Nikki and horse

Nikki Jorgenson is pictured with a miniature horse that is part of her traveling petting zoo, Snake River Doodles and Friends.

Leap Day only occurs once every four years, and Snake River Doodles & Friends is making sure this Leap Day will be one to remember. 

“Leap Into Life” will be held from 10 a.m. to 4 p.m. Saturday at the Clarion Inn at 1399 Bench Road in Pocatello. Focusing on literacy and bullying awareness education, the event will feature a multitude of activities, including face painting, hayrides, balloon animals, magic and a free book giveaway.

Approximately 600 free books to be given away were donated by the Idaho State Department of Education, according to Snake River Doodles & Friends owner Nikki Jorgensen. 

Local children’s author Brenda Anderson will also be on hand to sign copies of her books.

In addition, costumed characters from the R.E.A.C.H. program will be on hand to deliver an anti-bullying message. Based out of Tooele, Utah, R.E.A.C.H. — an acronym for “Raising Education Through Arts, Characters and Heroes” — is a nonprofit organization that offers a variety of educational programs, including history, literacy, arts and being an everyday superhero, as well as the aforementioned anti-bullying program, which is led by King Arthur.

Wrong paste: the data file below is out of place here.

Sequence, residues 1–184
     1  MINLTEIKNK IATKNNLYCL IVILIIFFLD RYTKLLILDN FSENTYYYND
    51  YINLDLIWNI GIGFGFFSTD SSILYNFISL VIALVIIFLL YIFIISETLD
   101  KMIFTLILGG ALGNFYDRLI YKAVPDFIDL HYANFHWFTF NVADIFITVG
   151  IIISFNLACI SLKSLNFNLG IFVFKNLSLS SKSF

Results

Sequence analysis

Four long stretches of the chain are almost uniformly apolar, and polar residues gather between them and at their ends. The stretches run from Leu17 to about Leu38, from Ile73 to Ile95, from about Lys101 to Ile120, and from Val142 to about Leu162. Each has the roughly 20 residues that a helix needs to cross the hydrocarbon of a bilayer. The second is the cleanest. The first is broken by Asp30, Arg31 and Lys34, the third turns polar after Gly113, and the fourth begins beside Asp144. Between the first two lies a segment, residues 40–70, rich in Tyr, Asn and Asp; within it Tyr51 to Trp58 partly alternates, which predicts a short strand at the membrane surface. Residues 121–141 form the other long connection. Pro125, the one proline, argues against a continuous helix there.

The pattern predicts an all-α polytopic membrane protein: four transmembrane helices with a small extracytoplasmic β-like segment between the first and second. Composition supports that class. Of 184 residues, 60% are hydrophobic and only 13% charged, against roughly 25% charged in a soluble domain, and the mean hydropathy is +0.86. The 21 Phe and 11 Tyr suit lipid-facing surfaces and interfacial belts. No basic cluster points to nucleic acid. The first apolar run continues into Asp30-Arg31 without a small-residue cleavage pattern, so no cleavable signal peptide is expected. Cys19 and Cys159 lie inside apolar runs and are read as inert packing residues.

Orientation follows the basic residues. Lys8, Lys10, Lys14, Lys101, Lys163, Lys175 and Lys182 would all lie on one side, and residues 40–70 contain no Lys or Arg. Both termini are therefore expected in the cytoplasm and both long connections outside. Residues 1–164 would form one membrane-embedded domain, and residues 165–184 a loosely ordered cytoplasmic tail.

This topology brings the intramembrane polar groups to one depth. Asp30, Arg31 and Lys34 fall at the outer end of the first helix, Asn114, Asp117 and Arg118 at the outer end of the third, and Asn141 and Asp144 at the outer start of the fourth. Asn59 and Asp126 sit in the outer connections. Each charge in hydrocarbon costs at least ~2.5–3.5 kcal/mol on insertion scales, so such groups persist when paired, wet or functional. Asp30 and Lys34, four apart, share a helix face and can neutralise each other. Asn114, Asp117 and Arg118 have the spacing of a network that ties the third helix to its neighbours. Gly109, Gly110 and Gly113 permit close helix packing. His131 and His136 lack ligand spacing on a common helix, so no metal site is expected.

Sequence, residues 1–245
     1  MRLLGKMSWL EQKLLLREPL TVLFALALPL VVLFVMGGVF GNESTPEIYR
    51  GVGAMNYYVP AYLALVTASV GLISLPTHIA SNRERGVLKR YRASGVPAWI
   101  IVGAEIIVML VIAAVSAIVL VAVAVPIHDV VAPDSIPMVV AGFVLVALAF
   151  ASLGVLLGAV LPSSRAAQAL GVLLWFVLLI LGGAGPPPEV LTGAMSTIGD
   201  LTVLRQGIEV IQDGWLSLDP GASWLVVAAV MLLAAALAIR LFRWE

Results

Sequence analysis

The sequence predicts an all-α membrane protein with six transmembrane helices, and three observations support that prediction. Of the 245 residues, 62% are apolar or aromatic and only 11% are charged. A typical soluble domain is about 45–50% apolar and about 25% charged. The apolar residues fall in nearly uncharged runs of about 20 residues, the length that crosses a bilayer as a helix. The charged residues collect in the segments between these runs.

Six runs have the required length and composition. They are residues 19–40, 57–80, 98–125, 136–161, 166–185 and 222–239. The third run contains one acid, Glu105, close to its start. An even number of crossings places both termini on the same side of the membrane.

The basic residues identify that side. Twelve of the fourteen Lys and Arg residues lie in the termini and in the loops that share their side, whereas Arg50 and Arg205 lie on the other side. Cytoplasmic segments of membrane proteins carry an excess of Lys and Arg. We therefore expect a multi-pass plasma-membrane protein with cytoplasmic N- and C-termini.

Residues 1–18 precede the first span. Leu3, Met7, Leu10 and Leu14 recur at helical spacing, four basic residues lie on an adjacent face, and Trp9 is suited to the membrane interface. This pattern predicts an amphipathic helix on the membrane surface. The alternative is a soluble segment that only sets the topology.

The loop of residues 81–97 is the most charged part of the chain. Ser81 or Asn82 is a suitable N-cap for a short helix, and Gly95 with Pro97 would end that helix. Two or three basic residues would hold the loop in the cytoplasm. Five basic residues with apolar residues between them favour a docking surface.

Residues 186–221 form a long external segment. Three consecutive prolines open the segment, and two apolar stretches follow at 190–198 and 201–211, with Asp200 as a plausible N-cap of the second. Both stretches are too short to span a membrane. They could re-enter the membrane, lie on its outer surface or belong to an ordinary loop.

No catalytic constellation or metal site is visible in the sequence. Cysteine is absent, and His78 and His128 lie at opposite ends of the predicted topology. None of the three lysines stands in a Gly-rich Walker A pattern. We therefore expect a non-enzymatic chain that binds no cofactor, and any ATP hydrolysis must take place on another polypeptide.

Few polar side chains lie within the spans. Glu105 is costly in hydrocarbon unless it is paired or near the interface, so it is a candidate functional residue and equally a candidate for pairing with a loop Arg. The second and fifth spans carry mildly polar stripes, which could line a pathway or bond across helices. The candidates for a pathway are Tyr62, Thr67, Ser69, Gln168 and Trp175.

While most activities are free, there is a nominal charge for some of the activities, including the face painting booths and hayrides, which will be given by Cocoa, who is “the smallest working therapy horse in the USA,” according to Snake River Doodles & Friends’ website. Tickets for the hayride are $1 for kids and $5 for adults and can be purchased in advance online at PocatelloEvents.com. Proceeds from the event will go toward funding Snake River Doodles & Friends’ operations, which they provide free of charge.

Snake River Doodles & Friends breeds and raises medical service dogs as well as regularly visits schools, nursing homes and hospitals with 11 different species of animals, according to Jorgensen.

“There is no charge for these services, so we do three or four events a year to help fund our efforts,” Jorgensen said.